On August 20 last year, Russia’s public activist and campaigner Alexei Navalny had to be taken off his flight at Omsk and was delivered to hospital in a grave condition. Well before the final diagnosis he was flown to a Berlin hospital and there he was diagnosed with Novichok poisoning. Later on, he revealed the results of his own investigation which established the involvement in the poisoning of a group of FSB agents. The story has become the butt of a joke in Russia. Russians want to know why Novichok has not killed anyone so far and why Russian special services are unable to carry out a simple elimination operation.

Giving rise to more jokes was the publication of “an inquiry into the poisoning of Alexei Navalny” which the Russian side obtained from a report on the activities of the Organization for the Prohibition of Chemical Weapons in implementation of its core document – the 2020-2021 Convention. Part 1.41 of the report, which was published after the session, says that “on August 20, 2020, at the request of Germany, the Secretariat dispatched a group of experts who were to render technical assistance in connection with reports about the poisoning of the Russian activist”. But August 20 was the very day of the poisoning of Alexei Navalny, who suddenly felt ill on board of the plane and who told the passengers about the poisoning himself. At about 6 a.m. (4.00 CET) Moscow time the plane with Navalny on board made an emergency landing at Omsk. The news got into the media by midday.

German Chancellor Angela Merkel and French President Emmanuel Macron were in meeting at the time. At 18.30 CET they give a press conference signaling the need to conduct an inquiry. On the same day the Organization for the Prohibition of Chemical Weapons received a request from Germany and reacted. However, for an international organization that adheres to specific procedures a reaction that quick is impossible for technical reasons. Unless all this has been planned before, which is what Russian Foreign Ministry spokesperson Maria Zakharova points out.

Russian representatives prepared for the 97th session of the Organization for the Prohibition of Chemical Weapons far better than the Germans. That’s why when asked why the draft report contains the date August 20 the German side first said that it was a misprint and then “recalled” that on that day chancellor Merkel turned to the Organization with a request. In any case, the Organization for the Prohibition of Chemical Weapons must secure a preliminary approval from its Secretariat before it can send any experts for conducting an inquiry. Interestingly, the Organization could not explain the confusion over the dates and procedures.  

This situation enabled the Russian Foreign Ministry to ‘’strike a new blow’’, accusing the United States, Britain and a number of European countries of regularly breaching the Chemical Weapons Convention. Simultaneously, many Russian media reminded their subscribers that Navalny was hospitalized after two days of noisy parties and visits to the sauna. The lifestyle of “Russia’s top opposition campaigner” causes a lot of criticism, as the anti-corruption activist lives a lavish life, which is unaffordable to most Russians and alienates potential supporters.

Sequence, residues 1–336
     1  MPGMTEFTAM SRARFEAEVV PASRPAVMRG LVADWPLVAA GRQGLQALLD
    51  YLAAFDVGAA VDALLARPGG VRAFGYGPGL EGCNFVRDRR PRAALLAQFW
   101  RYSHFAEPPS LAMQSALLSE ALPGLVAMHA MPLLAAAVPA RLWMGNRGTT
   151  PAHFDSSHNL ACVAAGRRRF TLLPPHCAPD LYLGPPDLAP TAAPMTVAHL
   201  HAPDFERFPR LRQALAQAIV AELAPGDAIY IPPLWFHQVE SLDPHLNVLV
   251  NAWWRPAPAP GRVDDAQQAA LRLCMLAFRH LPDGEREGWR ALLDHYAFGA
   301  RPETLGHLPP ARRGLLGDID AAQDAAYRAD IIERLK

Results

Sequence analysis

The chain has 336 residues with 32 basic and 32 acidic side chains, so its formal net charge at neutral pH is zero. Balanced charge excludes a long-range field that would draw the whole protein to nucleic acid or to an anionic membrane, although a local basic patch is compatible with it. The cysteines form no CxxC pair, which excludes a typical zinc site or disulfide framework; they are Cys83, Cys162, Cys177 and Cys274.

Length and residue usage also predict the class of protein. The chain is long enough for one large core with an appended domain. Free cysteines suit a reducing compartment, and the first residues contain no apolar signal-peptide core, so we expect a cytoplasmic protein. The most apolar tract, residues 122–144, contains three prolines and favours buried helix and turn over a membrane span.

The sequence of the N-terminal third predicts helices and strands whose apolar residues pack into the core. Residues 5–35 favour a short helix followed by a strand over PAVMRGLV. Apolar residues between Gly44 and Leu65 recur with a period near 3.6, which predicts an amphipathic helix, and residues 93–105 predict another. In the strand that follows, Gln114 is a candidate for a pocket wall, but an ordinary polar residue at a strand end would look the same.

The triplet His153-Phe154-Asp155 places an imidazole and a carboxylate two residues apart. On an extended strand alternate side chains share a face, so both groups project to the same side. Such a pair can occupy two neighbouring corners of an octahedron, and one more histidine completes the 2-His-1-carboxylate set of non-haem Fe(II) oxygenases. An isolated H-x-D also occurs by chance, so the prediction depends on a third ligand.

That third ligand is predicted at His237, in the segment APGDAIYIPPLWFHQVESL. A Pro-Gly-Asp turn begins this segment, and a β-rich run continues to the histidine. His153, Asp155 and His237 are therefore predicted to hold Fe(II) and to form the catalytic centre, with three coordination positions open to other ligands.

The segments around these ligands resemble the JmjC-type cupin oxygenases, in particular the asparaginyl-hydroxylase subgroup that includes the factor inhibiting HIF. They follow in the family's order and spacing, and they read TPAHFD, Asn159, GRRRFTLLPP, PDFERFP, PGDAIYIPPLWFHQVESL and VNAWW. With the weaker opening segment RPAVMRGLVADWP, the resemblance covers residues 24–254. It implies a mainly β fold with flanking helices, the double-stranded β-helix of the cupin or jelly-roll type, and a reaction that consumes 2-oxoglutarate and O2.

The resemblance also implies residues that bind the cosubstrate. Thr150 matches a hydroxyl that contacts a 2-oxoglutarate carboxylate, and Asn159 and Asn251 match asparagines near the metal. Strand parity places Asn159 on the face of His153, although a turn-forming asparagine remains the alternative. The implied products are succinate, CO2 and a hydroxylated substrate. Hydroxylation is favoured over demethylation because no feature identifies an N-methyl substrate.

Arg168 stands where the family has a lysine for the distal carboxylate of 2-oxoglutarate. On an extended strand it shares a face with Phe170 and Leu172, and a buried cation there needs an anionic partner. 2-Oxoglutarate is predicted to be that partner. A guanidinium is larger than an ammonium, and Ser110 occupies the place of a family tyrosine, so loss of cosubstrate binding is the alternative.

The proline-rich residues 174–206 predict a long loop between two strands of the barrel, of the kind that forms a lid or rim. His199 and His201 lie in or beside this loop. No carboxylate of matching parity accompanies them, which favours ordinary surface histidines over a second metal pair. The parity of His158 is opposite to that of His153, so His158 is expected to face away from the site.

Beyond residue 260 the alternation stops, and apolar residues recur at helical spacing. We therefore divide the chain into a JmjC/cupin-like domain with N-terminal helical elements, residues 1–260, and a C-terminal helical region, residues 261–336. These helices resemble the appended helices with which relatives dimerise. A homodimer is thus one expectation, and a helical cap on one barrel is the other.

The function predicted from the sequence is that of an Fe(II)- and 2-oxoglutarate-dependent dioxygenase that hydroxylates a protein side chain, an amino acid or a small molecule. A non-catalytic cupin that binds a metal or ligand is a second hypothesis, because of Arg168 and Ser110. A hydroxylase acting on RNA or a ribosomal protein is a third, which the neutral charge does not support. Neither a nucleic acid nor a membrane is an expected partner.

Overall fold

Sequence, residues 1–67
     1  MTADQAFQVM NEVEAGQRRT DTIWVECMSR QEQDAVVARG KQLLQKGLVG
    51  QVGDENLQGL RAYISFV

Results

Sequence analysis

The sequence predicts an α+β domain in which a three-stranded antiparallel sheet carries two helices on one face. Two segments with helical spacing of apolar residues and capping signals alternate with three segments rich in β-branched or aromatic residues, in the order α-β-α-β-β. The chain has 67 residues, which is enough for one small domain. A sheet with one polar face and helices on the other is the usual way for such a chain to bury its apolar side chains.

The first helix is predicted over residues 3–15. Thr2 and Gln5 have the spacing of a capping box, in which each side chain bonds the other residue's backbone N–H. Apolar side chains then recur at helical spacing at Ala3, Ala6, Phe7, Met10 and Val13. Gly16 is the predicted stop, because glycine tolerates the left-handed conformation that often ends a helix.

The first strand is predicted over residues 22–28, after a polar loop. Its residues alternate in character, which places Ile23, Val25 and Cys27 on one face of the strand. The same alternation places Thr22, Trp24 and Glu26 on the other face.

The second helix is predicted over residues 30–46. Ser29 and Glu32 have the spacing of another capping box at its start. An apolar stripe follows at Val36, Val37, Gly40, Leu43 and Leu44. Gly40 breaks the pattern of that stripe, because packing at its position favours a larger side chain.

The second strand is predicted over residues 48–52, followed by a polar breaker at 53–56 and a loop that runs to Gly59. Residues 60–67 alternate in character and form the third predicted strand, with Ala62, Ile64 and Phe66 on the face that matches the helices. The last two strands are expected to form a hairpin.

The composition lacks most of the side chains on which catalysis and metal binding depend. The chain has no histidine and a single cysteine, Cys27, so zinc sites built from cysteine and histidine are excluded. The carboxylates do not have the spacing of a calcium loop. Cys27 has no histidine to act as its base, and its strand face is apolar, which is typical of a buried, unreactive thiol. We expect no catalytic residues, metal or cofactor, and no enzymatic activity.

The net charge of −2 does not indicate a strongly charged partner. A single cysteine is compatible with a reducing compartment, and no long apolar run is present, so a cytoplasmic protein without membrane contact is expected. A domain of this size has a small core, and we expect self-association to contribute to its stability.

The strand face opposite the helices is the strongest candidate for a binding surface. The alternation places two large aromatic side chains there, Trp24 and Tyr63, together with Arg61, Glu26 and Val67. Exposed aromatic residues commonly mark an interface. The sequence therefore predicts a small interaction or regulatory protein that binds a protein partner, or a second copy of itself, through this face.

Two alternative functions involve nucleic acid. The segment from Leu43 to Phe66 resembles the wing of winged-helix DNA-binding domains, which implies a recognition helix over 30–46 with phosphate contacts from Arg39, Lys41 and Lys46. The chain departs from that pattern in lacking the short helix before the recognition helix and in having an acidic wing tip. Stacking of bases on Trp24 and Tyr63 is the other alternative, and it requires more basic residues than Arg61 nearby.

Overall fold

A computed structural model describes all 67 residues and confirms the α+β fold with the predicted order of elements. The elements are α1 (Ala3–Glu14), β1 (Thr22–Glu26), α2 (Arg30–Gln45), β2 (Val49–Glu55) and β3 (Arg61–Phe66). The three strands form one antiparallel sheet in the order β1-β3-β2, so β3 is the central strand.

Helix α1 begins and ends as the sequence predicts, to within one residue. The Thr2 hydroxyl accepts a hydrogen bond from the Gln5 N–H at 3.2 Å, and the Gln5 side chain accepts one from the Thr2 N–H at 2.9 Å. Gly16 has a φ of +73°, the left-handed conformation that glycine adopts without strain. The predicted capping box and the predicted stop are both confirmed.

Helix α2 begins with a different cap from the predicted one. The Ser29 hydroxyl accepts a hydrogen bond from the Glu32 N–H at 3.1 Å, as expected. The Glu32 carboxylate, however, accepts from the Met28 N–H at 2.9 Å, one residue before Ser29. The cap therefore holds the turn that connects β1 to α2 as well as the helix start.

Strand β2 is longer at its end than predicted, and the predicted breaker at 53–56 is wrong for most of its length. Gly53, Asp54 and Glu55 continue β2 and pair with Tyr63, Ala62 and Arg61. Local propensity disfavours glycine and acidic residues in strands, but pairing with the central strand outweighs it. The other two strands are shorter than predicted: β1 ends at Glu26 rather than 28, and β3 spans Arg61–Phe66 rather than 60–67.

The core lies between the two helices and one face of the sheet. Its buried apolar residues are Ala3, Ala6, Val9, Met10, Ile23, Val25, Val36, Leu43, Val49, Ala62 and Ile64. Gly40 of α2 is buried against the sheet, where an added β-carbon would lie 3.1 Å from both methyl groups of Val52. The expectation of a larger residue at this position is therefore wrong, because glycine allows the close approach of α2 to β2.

Zakharova’s harsh and sarcastic statements, made via her Telegram channel and picked up by the Russian media, de facto demonstrate that Moscow views the entire “poisoning” story as poorly fabricated and will not accept whatever results the West’s inquiry may present. We can see that the “Navalny case” does have a lot of flaws and that the Kremlin had clearly pointed them out. Even the ardent opponents to the Russian government refrain from mentioning “poisoning”, saying that “Alexei” went over the line and that the  story about “the Novichok-soaked underpants” sounds implausible.

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Russia and the West: Are Values the Problem?

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The National Security Strategy of the Russian Federation approved by the President of Russia will go down in history as a document that sharpened the issue of the country’s traditional spiritual and moral values. Values were also featured in in its predecessor, Strategy 2015. However, Strategy 2021 has new accents. The source of the threat is the “Westernisation” of culture. Russian values, according to the document, are being attacked by the United States and its allies, transnational corporations, as well as foreign non-profit, non-governmental, religious, extremist and terrorist organisations. If earlier terrorism and extremism, in one way or another, were separated from the “Western” theme, now they are considered threats of the same order. The transition of confrontation with the West to the realm of values is a new stage in Russian strategic thinking. Earlier such a confrontation was perceived more in terms of material categories (defence, economics), but now it has clearly shifted to an ideological level. Why did this transition take place? What problems will Russia face in the new paradigm, and what are the strengths and weaknesses of this approach?